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Best Gaming Computer Build Under $2000 2015

Updated on January 13, 2015

A Custom Computer Build with a Budget of $2000

A good gaming PC is almost never one that you can purchase online. The best idea is to research computer hardware, order it, and do it yourself. The problem is that all of this takes time.

To help you save time I've put together what I believe is the best gaming computer build in the under $2000 price range. This is the third in a series of posts I've written on the subject, so if $2,000 is a little bit out of your price range, then be sure to see my other posts below.

Cooler Master Storm Enforcer Gaming Case
Cooler Master Storm Enforcer Gaming Case

$2000 Gaming Build - Where to Put Your Money

Your cash is hard-earned and you certainly don't want to waste it, so, where should you put your money to get the best overall bang for your buck? The truth is, it depends. Hardcore performance enthusiasts would tell you that you should spend as little as you can on your basic components in order to spend more on your other, more performance-sensitive, computer hardware. While this may be true for them, and even some of you reading this, there is a certain level of practicality that most builders want in their computer beyond simply performance. Luckily, with a budget of $2,000 you'll be able to purchase just about everything you could want in a gaming PC and still have plenty of room for extras.

Where to put your money:

Before we get in to discussing hardware, this is my basic layout for this gaming build and most that I do over $1,000.

CPU: 15-25%

Graphics Card: 15-25%

Motherboard: 15%

Hard Drive: Up to $150 (7.5%)

Ram: Up to $100 (5.0%)

Blu-Ray Drive: Up to $75 (3.75%)

Case: Up to $150 (7.5%)

PSU: Up to $100 or (5%)

Solid State Drive (Optional): Up to $300 (5-15%)

You may have noticed that these numbers don't add up to 100%. That's because as we review each piece of hardware I'll give you choices in each price range. This should enable you to build a computer significantly above $2,000 or significantly below or, if you stick with my middle of the road picks, right around $2,000.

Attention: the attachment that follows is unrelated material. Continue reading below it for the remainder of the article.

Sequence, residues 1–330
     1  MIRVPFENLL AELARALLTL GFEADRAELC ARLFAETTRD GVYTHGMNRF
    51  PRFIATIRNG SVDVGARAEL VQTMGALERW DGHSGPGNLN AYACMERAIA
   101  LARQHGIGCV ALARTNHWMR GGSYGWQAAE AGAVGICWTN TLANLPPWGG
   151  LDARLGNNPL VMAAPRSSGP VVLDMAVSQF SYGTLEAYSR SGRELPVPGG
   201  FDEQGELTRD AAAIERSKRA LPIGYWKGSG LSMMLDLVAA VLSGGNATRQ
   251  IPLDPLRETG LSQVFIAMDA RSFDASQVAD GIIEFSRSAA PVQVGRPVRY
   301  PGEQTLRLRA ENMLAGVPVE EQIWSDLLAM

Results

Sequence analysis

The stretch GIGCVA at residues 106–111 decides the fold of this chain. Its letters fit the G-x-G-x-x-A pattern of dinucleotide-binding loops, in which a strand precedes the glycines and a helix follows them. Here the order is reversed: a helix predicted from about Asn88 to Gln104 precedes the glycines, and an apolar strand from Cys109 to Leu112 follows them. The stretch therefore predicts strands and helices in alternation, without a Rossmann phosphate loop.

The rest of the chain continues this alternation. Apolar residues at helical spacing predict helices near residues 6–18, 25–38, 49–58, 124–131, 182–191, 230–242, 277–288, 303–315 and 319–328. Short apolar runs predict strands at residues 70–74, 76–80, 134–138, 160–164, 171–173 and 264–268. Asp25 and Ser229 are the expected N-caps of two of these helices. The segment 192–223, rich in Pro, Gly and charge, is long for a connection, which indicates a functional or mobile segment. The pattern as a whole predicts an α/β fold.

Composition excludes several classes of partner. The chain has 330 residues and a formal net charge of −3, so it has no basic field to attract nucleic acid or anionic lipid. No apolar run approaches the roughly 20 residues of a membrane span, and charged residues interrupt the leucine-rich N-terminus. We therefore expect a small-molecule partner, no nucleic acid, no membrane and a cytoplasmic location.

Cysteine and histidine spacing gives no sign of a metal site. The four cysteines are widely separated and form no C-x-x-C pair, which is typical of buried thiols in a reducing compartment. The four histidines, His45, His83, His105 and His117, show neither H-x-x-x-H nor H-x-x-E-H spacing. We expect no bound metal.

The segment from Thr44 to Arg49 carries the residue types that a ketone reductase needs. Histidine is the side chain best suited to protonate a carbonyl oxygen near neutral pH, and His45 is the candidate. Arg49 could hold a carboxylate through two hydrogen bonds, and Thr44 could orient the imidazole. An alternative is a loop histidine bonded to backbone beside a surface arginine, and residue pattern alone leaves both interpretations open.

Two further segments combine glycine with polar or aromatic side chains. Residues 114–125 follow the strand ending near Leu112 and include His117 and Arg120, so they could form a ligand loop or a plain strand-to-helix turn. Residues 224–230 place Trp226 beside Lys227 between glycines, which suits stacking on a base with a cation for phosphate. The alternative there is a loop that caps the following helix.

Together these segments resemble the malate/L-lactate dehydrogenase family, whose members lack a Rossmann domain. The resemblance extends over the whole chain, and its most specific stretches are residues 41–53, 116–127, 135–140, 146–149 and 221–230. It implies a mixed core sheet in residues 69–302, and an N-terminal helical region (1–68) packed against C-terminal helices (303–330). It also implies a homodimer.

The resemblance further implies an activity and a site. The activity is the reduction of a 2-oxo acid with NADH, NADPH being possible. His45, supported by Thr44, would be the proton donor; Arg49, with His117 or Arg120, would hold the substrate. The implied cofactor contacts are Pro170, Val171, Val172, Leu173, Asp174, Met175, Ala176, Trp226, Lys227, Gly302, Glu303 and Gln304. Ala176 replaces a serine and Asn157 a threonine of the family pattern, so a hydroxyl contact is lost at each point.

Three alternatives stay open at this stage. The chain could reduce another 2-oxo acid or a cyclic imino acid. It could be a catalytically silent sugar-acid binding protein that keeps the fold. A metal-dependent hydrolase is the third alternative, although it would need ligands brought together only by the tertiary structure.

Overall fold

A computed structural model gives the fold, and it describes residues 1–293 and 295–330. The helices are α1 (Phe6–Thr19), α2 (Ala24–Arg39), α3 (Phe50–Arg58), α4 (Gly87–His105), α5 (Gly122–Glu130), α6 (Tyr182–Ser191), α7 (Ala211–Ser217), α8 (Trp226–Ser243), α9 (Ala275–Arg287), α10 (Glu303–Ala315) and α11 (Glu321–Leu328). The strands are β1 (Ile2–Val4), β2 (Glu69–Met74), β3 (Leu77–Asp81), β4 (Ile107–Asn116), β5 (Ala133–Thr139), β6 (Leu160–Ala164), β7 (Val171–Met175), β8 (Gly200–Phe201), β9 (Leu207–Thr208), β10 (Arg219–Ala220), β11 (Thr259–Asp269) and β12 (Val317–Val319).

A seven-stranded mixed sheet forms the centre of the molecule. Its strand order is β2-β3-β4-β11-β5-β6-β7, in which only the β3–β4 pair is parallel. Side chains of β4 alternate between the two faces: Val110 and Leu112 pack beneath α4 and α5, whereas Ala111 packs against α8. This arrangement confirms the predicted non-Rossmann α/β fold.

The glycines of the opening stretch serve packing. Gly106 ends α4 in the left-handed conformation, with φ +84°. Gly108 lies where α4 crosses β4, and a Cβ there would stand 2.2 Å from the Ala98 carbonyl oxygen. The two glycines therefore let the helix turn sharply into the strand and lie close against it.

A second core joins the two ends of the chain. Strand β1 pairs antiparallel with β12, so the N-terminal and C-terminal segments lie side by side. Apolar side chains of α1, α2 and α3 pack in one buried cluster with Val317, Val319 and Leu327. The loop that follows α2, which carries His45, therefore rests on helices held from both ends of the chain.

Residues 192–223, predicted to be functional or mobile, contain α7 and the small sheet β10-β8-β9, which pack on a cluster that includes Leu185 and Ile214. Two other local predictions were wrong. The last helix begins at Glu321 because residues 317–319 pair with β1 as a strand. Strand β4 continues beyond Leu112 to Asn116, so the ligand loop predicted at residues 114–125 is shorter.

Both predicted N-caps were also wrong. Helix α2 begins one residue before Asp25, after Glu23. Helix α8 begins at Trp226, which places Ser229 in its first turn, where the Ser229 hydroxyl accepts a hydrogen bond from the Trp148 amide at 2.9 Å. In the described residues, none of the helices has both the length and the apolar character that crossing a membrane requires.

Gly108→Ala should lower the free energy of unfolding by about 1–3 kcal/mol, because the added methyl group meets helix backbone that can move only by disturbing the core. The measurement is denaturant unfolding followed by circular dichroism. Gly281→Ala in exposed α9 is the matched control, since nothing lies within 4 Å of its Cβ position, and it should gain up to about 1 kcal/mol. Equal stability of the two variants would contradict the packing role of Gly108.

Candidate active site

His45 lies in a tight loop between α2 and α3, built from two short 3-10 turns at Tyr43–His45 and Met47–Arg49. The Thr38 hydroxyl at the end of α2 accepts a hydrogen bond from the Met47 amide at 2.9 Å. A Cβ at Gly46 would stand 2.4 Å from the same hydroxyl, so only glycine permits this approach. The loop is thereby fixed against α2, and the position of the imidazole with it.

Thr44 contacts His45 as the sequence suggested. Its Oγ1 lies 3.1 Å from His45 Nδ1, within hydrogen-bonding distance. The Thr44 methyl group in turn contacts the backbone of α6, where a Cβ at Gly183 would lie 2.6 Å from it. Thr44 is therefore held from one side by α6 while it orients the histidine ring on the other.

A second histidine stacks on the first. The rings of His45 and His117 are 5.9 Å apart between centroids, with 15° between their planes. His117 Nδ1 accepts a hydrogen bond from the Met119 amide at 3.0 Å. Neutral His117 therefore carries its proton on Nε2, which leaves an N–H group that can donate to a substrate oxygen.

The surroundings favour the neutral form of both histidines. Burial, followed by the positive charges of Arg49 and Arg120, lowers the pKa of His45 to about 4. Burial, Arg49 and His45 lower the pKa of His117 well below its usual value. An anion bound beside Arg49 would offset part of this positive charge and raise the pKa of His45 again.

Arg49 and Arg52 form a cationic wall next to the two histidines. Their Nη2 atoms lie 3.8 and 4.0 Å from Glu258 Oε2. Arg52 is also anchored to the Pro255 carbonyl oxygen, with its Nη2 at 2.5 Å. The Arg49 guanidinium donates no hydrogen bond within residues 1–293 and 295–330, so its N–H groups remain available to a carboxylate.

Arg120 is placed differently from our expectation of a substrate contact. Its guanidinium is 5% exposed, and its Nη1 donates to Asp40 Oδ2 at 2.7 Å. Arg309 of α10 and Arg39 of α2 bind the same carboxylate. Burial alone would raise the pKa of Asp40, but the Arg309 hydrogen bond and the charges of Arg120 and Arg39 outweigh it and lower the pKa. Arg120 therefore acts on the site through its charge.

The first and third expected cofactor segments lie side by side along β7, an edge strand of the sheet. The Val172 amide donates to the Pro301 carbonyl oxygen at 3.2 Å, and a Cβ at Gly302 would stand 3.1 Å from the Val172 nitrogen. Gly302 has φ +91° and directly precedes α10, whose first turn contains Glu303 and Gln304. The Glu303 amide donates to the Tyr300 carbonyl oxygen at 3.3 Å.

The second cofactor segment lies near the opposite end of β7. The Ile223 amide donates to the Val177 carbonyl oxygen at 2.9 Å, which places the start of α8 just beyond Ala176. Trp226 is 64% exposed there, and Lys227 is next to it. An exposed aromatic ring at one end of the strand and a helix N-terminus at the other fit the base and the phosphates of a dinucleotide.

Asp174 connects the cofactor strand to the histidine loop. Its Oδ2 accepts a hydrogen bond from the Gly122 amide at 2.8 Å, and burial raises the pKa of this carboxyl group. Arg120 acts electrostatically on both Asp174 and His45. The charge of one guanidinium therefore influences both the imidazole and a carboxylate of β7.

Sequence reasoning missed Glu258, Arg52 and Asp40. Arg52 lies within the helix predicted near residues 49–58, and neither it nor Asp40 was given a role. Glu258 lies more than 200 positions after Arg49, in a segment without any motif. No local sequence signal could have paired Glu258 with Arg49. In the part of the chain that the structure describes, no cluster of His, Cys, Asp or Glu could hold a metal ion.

Best CPU / Processors Under $500

If you just want the basic processor that you need in order to run today's games on the highest settings, then an i5 Haswell or Ivy Bridge is the processor you should go with. Benchmark tests show that its in-game performance is just as good as other processors many times its price.

That being said depending on your overall budget you might be able to find a processor that performs nearly as well in the FX 8350 on sale this year. During December we saw prices dip to well under $150.

On the higher side, consider the i7-4790k which is the Haswell refresh version of the i7.

Best Gaming Graphics Cards Under $600 2015

In order to play today's newest games at the highest possible settings it requires a beast of a video card. You can have the greatest gaming machine in the world, but if you take out its video card, it simply won't perform.

With graphics cards I'm all about getting the best bang for your buck, but as GPU go up in price, you get diminishing returns. That being said at this price range you're choice is between really good and better. I like the GTX 970 in the $400 range in the 980 in the under $600 range.

Best Gaming Motherboards $200-400

Assuming you'll be using an Intel Haswell processor at this price range you'll need an 1150 motherboard. Power users should highly consider the Asus Maximus VII Hero which gives you just about all the overclocking features you need for half the price we saw on older enthusiast boards.

For pure features I like a board like the Asus Z97-A.

Best Gaming Ram Under or Around $100

Assuming you're at this price range because of high computing requirements, you'll most likely want to grab 16GB of ram. Right now the Corsair Vengeance Ram is the most affordable; however the G. Skill Ripjaws series would be my preference assuming they are the same price.

Best Gaming HDD / Hard Drive